With some time to develop, Waiters could be an elite scorer in the NBA.
14. Houston Rockets: Kendall Marshall, PG, North Carolina
The Rockets have a crowded backcourt, but they are still missing a true point guard that can set up shots for other players. Marshall lacks athleticism but will survive with his tremendous vision.
15. Philadelphia 76ers: Arnett Moultrie, PF, Mississippi State
Philadelphia has one of the deepest teams in the league, so it can draft the best available player. Moultrie is a bit of a risky pick, but he is a solid rebounder that can also shoot from the outside.
16. Houston Rockets: Terrence Jones, PF, Kentucky
For the second pick, Houston should bolster the frontcourt. Jones did not put up big numbers on a loaded team, but is a relatively safe pick to do well in the NBA.
17. Dallas Mavericks: Marquis Teague, PG, Kentucky
The Mavericks would like to get an elite point guard like Deron Williams, but Teague would be a decent pick otherwise to replace the veteran Jason Kidd.
18. Minnesota Timberwolves: Austin Rivers, SG, Duke
Rivers has not shown he has enough vision or passing ability to be a point guard, but he still has the ability to drive the lane and score. Every team needs someone who can do that.
19. Orlando Magic, Moe Harkless, SF, St. John's
The Magic might be one of the hardest to predict teams in the draft, but Moe Harkless would be a solid play. The wing needs time to develop, but you cannot teach athleticism or size. His seven-foot wingspan will also come in handy in the NBA.
20. Denver Nuggets, Perry Jones, PF, Baylor
Jones had a disappointing college career considering his talent level, but he could still be able to use his athleticism to change games in the pros.
21. Boston Celtics: John Jenkins, SG, Vanderbilt
If Ray Allen leaves via free agency, John Jenkins is the perfect player to replace him.
Jenkins is not only the most accurate shooter in the class, but he has a quick release and will be able to jump into a team's rotation immediately.
He might become a liability on defense, but at this point in the draft, he is the best player to help a contender win right away.
22. Boston Celtics: Jared Sullinger, PF, Ohio State
Reports of a bad back will send Sullinger down draft boards, but he has enough skill on the offensive and defensive end to be a factor sooner than later.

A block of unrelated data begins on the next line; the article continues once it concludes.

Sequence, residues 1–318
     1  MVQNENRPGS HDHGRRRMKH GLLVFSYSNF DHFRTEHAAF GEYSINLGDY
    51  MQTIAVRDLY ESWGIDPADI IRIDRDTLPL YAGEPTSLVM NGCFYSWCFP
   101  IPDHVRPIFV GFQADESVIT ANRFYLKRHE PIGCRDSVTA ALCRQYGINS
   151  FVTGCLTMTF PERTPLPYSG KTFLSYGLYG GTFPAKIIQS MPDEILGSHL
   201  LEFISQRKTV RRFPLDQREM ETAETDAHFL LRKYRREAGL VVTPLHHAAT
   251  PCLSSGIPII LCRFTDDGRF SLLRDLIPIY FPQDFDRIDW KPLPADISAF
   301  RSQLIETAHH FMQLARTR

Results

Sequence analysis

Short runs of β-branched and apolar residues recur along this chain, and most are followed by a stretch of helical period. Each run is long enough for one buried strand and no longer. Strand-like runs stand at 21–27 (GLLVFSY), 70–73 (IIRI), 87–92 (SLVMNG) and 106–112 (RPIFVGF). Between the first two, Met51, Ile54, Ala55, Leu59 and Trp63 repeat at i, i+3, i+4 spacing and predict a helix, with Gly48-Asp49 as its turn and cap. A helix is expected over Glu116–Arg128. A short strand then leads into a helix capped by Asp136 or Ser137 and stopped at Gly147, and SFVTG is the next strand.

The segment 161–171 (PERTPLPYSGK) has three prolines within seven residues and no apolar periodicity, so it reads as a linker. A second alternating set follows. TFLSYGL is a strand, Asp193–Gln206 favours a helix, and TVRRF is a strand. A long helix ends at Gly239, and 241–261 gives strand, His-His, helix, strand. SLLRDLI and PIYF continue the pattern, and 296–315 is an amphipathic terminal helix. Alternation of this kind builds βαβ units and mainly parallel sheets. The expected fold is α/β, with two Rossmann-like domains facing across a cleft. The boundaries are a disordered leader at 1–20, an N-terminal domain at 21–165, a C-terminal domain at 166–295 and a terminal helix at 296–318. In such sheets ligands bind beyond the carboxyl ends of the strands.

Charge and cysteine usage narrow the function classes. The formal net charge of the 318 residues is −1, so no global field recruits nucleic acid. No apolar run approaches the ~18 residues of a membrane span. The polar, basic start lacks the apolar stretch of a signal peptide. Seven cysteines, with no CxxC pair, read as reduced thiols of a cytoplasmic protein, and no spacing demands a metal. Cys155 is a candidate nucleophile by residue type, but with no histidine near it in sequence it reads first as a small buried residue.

23. Atlanta Hawks: Royce White, SF, Iowa State
White does not have the upside of other players, but he could be one of the most complete players in the draft. He led Iowa State this past season in points, assists, rebounds, steals and blocks.
24. Cleveland Cavaliers: Fab Melo, C, Syracuse
After adding a solid defender in Michael Kidd-Gilchrist, the Cavaliers should add another one in Syracuse center Fab Melo. He will be a force in the middle of the defense and could develop an offensive game later.
25. Memphis Grizzlies: Tony Wroten, G, Washington
The Grizzlies do not have a specific need, but Wroten would provide solid depth at either point guard or shooting guard.
26. Indiana Pacers: Jeffery Taylor, SF, Vanderbilt
On a team filled with role players, Taylor could be a defensive specialist. He has good size and can guard almost any position on the floor.
27. Miami Heat: Andrew Nicholson, PF, St. Bonaventure
Miami needs more frontcourt depth, and Nicholson is the best available. The big power forward is a good rebounder and can free up space for the team's star players.
28. Oklahoma City: Draymond Green, PF, Michigan State
Unlike some of the other top offensive players in the draft, Green is unlikely to light up the scoreboard himself. However, the team as a whole will be better with him on the floor.
The forward not only has great quickness and dribbling ability for his size, but outstanding vision for a low-post player.
Green will be a threat to score, but will be very willing to pass out to set up a teammate.
Oklahoma City already has the scorers and will now be able to get even more production out of them.
29. Chicago Bulls: Khris Middleton, SF, Texas A&M
Few players come around at 6'8" and can knock down jumpers like Middleton. With no true point guards available, the Bulls should select the Texas A&M product to improve its depth.
30. Golden State Warriors: Doron Lamb, SG, Kentucky
Lamb becomes the fifth Kentucky player taken in the first round, but still has plenty of upside. It is unlikely he is a point guard in the NBA, but can score in many ways and would be a solid 2-guard for the Warriors.